PhD course in CFD with OpenSource software, Quarter 2, 2008
This PhD course can also be chosen by students in Master Programmes at Chalmers (Check with your coordinator so that they accept it! The Master Programme in Applied Mechanics accepts it.). Such students will be registered under the TME050 Project course, which is a general purpose course code for advanced project courses. PhD students will not be registered under TME050. Industrial participants should contact me at firstname.lastname@example.org.
The course homepage is http://www.tfd.chalmers.se/~hani/kurser/OS_CFD_2008
If you are interested in taking the course you should contact me at email@example.com so that I can maintain an e-mail list that will be used for further information until the course starts. A definitive registration to the course should be made by October 20, by e-mail to me. Then I need to know your CID if you have any, or your personal number so that I can arrange the computer accounts. If you already have a CID, make sure that it will be valid throughout the course, and that you can log in to the student computers in MT11. I will help you if you have any problems with this.
The course gives an introduction to the use of OpenSource software for CFD applications. A major project work in OpenFOAM (see the short description below) forms
a large part of the course. The project may be defined according to the
student's special interests. The result of the project should be a
detailed tutorial for a specific application or library of OpenFOAM. The tutorials
will be peer-reviewed and graded by the students, and the tutorials thus
form a part of the course. The tutorials will be made available as
OpenSource, as a contribution to the OpenFOAM community. To pass the
course the student must do the project and peer-review the tutorials from
the other projects. There will also be some compulsory minor tasks. The TME050 Project course requires grading: Fail, 3, 4, 5. PhD students are not registered to TME050, but should reach an equivalence of grade 4 to pass. There will be no written examination, instead there will be some requirements for each grade.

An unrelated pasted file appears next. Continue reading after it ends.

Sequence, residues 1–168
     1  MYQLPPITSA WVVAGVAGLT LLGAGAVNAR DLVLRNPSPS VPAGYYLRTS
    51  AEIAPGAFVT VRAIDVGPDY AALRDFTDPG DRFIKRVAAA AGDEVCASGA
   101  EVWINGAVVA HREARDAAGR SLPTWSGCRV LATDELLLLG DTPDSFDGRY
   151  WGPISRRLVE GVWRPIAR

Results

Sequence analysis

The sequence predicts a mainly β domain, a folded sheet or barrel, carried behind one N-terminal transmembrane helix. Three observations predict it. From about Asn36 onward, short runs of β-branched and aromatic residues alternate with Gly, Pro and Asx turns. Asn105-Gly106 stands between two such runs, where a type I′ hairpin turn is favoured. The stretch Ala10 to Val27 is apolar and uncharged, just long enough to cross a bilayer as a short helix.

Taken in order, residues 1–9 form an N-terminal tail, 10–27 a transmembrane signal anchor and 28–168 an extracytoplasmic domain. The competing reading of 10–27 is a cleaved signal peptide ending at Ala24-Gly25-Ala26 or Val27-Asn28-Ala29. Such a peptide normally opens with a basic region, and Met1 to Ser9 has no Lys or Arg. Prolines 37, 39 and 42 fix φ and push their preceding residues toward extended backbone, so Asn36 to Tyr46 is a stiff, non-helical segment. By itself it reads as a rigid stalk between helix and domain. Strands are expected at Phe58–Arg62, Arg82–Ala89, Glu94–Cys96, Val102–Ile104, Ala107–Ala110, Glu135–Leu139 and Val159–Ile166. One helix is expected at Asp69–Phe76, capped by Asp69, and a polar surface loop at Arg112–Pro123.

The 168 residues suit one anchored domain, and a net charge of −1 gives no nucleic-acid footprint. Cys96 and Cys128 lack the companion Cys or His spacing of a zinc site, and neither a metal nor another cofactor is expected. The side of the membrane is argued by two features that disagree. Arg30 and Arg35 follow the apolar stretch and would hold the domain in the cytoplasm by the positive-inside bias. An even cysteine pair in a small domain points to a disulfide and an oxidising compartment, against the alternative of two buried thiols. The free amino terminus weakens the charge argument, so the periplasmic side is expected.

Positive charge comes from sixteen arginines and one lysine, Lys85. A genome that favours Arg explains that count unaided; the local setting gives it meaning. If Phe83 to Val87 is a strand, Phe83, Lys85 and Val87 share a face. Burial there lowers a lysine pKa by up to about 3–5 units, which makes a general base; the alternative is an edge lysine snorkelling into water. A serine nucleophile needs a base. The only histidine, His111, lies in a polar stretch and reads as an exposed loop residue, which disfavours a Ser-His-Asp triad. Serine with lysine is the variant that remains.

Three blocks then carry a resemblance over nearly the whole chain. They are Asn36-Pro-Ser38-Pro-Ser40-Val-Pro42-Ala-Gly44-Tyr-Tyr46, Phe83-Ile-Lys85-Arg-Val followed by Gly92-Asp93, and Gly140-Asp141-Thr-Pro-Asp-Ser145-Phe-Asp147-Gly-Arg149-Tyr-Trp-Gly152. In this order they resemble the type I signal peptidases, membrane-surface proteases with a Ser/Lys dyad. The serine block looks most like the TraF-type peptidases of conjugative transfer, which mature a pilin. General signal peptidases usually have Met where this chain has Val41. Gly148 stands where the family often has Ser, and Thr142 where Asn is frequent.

The students will learn on the following subjects:
- Compilation procedures
- Version Control Systems
- Writing reports (in this case a tutorial)
- Peer-reviewing reports
- Teach a tutorial in the form of a small workshop
OpenFOAM (Open Field Operation and Manipulation, www.openfoam.org) is developed and distributed by OpenCFD (http://www.opencfd.co.uk). OpenFOAM is an
object oriented C++ toolbox for solving various systems of partial
differential equations using the finite volume method on arbitrary control
volume shapes and configurations. It includes preprocessing (grid
generator, converters, manipulators, case setup), postprocessing (using
OpenSource Paraview), and many specialized CFD solvers are implemented.
The features in OpenFOAM are comparable to what is available in the major
commercial CFD codes. Some of the more specialized features that are
included in OpenFOAM are: sliding grid, moving meshes, two-phase flow
(Langrange, VOF, Euler-Euler) and fluid-structure interaction. The
strength of OpenFOAM is however the object-oriented approach to generating
specialized solvers, utilities and libraries, using a flexible set of C++
modules. OpenFOAM runs in parallel using automatic/manual domain
decomposition, and the parallelism is integrated at a low level so that
solvers can generally be developed without the need for any
parallel-specific coding. Due to the distribution as an OpenSource code it
is possible to gain control over the exact implementations of different
features, which is essential in research work. It also makes development
and tailoring of the code for the specific application possible. In
addition to the source code, OpenFOAM gives access to an international
community of OpenFOAM researchers through the discussion board at the
OpenFOAM home page.
The course will be given as a number of full-day hands-on workshops, ending with one or two full days of presentations (depending on the number of students). In order not to interfere with the master course in Multiphase Flow (TME160), the course is given mondays and fridays. The students are also expected to work on some minor tasks and their project by themselves.